My pea sized brain is very pleased by all the big words.
Five stars for nearly TalkOrigins.org-quality material on YouTube.
(Needs moar citations.)
Even if you got a creationist to sit through this and understand it, they would claim it happened because God's invisible hand stroked all those lipids and polymers into the right formations to start life.
Why is that so bad? If you accept all of the knowledge of science, why is believing in a supernatural power that works with those scientific theories wrong?
Because then you open the door to acceptance of all unproveables. The amount of people who follow one unproveable or another doesn't make the unproveable any more or less true. Whether 1 million people believe unproveable A or 1 person believes unproveable B, they are both equal theories that have no relation to the scientific method by the very defintion of their existence.
I'm very much against the teaching of intelligent design in schools. I'm also an atheist. That said...
If you pull back for the macro view, neither origin answer is particularly satisfying: follow everything far back enough and you either have an invisible old man who lives on a cloud who created the universe (where'd he come from?), or the universe just sprang into existence of its own volition (where'd it come from?). The distinction is whether the origin of the universe is sentient or non-sentient. I don't find either answer any more intrinsically plausible or ridiculous.
Why I reject a sentient origin to the universe is simply because I don't -feel- that it's true, which is surely why every atheist rejects it... but I don't think it's inherently foolish to think that reality ultimately has a life or intelligence of its own that we are too small to comprehend. Ultimately, no matter how you believe the universe came to be, you are taking a leap of faith into the unknowable and unprovable, something that defies all human experience: that something can come out of nothing.
I have no problem with Christians, as long as they make the distinction that science and faith are two very different things... and only one should be taught. God may have well put everything in motion, but that doesn't change a single thing in science. God has nothing to do with science: faith is the realm of philosophy, and attempts to help us understand problems that are unprovable by science. In truth, this is the way a significant chunk of religious people feel... a chunk that is constantly drowned out by the idiots and loud-mouths.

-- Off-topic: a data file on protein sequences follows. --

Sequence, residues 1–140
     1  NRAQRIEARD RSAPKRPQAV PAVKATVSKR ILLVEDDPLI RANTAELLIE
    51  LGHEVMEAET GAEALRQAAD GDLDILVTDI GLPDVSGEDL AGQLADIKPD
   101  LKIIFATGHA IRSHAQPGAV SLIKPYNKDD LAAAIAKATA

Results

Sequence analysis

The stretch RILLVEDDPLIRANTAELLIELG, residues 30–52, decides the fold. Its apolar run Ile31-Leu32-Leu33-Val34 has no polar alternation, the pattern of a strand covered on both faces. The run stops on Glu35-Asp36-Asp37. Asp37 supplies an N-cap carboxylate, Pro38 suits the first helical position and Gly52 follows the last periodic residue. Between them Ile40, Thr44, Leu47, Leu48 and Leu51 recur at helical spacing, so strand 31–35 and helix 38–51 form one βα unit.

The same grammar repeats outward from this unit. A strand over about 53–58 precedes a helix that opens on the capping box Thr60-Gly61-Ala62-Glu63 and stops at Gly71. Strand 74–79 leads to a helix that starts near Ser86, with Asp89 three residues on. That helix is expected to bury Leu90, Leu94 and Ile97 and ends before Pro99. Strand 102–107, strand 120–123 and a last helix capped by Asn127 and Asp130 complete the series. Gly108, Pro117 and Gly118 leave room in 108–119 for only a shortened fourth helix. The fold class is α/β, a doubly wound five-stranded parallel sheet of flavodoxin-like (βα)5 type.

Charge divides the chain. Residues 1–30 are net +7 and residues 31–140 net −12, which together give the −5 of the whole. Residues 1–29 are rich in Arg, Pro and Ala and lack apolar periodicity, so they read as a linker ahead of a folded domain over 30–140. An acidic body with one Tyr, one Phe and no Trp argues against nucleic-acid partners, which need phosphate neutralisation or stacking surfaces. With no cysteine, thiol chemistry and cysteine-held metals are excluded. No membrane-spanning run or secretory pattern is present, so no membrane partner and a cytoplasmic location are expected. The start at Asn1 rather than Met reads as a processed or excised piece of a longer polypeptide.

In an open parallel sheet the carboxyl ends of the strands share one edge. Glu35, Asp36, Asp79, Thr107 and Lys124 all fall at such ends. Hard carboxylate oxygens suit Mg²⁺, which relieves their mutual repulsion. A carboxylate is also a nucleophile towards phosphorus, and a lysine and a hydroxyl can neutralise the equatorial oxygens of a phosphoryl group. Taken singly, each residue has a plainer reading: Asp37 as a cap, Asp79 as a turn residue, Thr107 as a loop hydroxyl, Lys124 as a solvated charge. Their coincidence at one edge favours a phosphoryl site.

So Mr. Graves says that we can't accept a supernatural being because it opens the door to blanket acceptance of all unproveables. I don't find that a satisfying response. "Why are we here?" is a very real problem of the human condition that science can't answer, except to describe the mechanism with great precision. Perhaps it will be able to answer that question someday. Perhaps there's no answer. But it's not reasonable to say that until science can tackle the question, we shouldn't bother thinking about it or trying to come up with answers of our own. You're basically saying: "Stop thinking about philosophy." Really, what you should be saying is "Stop thinking about philosophy as science..." which, I'm afraid to say, is something atheists are just as guilty of as Christians.
j lzrd / swift idiot
Stop getting wasted, and stop being an apologist for the Faithful, crypt, and for the love of humanity, stop doing what the I.D. people are trying to build into the collective consciousness: that we should compare the idea that GOD™ sneezed out the Universe, as opposed to the well-documented, more-than-highly-probable theory that the Universe began with a fucking explosion. WHY it began with an explosion around FIFTEEN BILLION OR SO GODDAMN YEARS AGO (to put it in terms a human mind can barely grasp by the fingernails) is a question which very smart and educated and well-paid people (Thank The Lord Humanity, Amen) are trying to answer.
YOU, are comparing current computer models of how the universe began, when the Grand Unified Force divided into its current four constituent parts, and various other brilliant modern day miracles that would make Isaac Newton and Galileo and even Einstein cry tears of joy, to... fuck it, I'm not going to get Bible History on your ass this time.